Hiring a Caregiver for Your Child: What Are Your Tax and Legal Responsibilities?

December 4, 2013

This guest post was written by Stephanie Breedlove from Care.com. If you'd like to submit a guest post, send us an email at dimecontact@copera.org.

When you hire someone to work in or around your home (like a babysitter or nanny), you're considered a "household employer." In the eyes of the IRS, you're now a business with an employee -- just without an accounting or HR department.

This can be overwhelming for some families, but actually, the tax rules in Colorado are very typical of most other states in the country. And the good news is that if the payroll and taxes are handled correctly, the federal government has ways for you to save money on your employer costs.

So take a look below for a "Tax Law 101" overview for household employers in Colorado.

What Are My Tax and Legal Responsibilities?

1. Treat your nanny, babysitter, etc. as an employee. There's a common misconception on parenting forums and websites that these caregivers are independent contractors and can be given a Form 1099 during tax season to file their own taxes. Not true! Not only has the IRS definitively ruled that this is incorrect, but they also consider the practice to be worker misclassification -- a form of tax evasion. And you don't want to deal with a headache like that. Instead, prepare a Form W-2 and give it to your employee at year-end so they can use it to file their federal income tax return.

2. If you pay your employee $1,800 or more during the calendar year, you have tax responsibilities. This threshold is in place to not burden families who only have an occasional babysitter watch their kids -- and it will increase to $1,900 in 2014. But if you need regular child care, you should withhold payroll taxes from your employee, including:

  • Social Security and Medicare (FICA)
  • Federal and state income taxes, based on how your employee fills out the federal Form W-4. (The same information will be used on the state level because Colorado does not have its own W-4.)

Additionally, you have to pay employer taxes based on a percentage of the wages you pay your employee.

  • Social Security and Medicare taxes and federal unemployment insurance taxes (four times per year to the IRS, along with the FICA taxes withheld from the employee)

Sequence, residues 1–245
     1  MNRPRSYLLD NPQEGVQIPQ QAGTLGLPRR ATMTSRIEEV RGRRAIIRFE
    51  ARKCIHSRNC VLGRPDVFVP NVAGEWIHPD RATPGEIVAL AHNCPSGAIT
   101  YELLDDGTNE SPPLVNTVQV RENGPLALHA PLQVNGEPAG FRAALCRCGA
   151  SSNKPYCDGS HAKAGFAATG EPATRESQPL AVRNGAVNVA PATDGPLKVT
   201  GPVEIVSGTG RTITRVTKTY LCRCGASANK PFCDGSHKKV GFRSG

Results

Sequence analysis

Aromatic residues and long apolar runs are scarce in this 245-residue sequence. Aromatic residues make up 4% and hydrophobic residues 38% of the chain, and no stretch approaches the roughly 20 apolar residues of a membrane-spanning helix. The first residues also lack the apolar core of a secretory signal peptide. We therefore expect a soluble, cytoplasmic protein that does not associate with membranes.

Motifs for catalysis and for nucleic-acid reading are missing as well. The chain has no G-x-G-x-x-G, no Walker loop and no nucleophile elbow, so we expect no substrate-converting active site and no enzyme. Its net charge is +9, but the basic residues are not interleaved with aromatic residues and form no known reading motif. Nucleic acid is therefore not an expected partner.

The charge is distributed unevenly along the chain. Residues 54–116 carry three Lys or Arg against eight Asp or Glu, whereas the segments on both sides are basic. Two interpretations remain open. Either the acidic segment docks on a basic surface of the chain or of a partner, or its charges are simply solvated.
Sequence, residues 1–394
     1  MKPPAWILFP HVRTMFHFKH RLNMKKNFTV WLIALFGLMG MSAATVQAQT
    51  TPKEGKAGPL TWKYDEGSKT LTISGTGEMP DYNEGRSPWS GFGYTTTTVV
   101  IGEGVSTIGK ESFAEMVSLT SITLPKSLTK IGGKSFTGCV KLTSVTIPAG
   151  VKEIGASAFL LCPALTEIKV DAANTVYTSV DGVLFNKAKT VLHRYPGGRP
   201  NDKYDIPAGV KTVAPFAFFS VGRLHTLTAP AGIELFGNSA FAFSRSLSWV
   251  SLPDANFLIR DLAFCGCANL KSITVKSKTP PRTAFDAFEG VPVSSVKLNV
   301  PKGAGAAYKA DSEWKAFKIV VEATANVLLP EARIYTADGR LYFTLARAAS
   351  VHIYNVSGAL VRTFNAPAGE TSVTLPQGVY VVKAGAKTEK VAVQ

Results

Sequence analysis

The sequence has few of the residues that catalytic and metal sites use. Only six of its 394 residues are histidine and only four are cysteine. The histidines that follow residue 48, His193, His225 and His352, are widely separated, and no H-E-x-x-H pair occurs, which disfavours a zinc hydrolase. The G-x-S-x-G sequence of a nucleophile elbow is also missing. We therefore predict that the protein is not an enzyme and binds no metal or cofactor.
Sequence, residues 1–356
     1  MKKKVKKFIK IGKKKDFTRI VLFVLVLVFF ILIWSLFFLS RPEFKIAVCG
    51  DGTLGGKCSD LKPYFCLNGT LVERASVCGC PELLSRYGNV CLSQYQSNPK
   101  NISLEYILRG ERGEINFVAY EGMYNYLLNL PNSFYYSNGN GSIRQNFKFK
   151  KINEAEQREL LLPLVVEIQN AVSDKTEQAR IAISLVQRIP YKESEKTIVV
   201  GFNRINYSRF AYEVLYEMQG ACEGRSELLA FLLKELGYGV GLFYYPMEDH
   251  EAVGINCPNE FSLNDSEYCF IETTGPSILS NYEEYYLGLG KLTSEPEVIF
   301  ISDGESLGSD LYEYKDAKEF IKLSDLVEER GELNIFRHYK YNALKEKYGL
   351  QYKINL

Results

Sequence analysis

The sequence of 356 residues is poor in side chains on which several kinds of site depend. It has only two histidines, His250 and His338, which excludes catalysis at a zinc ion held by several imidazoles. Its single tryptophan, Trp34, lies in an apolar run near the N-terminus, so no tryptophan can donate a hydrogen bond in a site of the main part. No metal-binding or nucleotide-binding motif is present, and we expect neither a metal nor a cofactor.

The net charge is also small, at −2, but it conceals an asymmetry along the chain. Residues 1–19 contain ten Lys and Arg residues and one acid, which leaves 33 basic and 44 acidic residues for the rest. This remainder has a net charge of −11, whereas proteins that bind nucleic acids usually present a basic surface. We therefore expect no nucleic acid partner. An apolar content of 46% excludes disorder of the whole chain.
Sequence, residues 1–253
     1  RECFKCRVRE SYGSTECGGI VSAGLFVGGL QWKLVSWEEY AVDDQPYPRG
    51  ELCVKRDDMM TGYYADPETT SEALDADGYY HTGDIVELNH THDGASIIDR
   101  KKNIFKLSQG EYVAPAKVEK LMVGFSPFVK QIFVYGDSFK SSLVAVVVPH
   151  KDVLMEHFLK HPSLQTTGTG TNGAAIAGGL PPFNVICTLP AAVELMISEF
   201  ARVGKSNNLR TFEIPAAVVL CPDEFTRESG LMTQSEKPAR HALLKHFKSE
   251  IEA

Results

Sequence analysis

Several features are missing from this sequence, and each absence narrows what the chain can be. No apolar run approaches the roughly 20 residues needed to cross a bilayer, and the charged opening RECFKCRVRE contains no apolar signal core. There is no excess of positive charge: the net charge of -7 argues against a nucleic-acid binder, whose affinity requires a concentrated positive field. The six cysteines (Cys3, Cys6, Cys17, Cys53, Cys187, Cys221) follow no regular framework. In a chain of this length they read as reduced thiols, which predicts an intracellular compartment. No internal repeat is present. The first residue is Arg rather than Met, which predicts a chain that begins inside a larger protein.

• State unemployment insurance taxes (every quarter to the Colorado Department of Labor)

3. Prepare and file year-end paperwork. Along with giving a W-2 to your caregiver, you have to file Form W-2 Copy A and Form W-3 with the Social Security Administration and file a Schedule H with your federal income tax return.

4. Follow federal and state labor laws. Household employees are protected under the Fair Labor Standards Act, which means they must be paid at least the Colorado state minimum wage of $7.78 per hour (higher than the federal minimum wage of $7.25) for the first 40 hours they work in a 7-day workweek and overtime (time-and-a-half) for any additional hours. The only exception to this rule is if you have a live-in employee --then you just pay your employee for every hour they work.

What Are the Benefits of Doing All This Work?

Why do you have to go through all this extra paperwork and hassle? First of all, it's the right thing to do, from a legal standpoint. There's never a worry about a legal dispute from a disgruntled former employee or an audit from the state or IRS when everything is handled correctly. But here are a couple of other benefits you get when you pay "on the books."

1. Tax breaks offset the employer taxes. Most families qualify for tax breaks -- regardless of their income level -- when they pay on the books. There are two tax breaks available that can significantly decrease your tax costs.

  • Flexible Spending Account (FSA): Also known as a Dependent Care Account, an FSA allows you to pay for up to $5,000 of child care expenses (a caregiver's wages qualify) using pre-tax dollars. Because no Social Security, Medicare or income taxes are applied to this amount, most families save around $2,000 per year by enrolling.
  • Child or Dependent Care Tax Credit (IRS Form 2441): You can save as much as 20 percent on up to $3,000 of child care expenses per child per year (maximum of $6,000). For most families, this tax break will save up to $600 for one child and $1,200 for two or more children.

2. Your employee is treated like a professional. When you pay on the books, your caregiver receives important short-term and long-term benefits, such as Social Security, Medicare, unemployment and an ability to obtain loans and credit. These benefits and protections have a dramatic impact on the perception of the position. When caregivers feel like they're treated like professional workers, they tend to provide high-quality work and are more likely to stay with families for a long time.

So whether you hire a full-time nanny to care for your kids while you're at work, or ask a babysitter to watch your kids during your regular Friday date night, make sure you're crossing your t's and dotting your i's. It's easier than you think!

Stephanie Breedlove is the VP of Care.com Homepay, where she helps families to simplify and understand their responsibilities as employers of caregivers or household workers. She is one of the country's leading experts on household employment tax and labor law. When she isn't busy keeping up with her two grown boys, Stephanie enjoys spending time outdoors in and around the Austin area hiking, biking and fishing.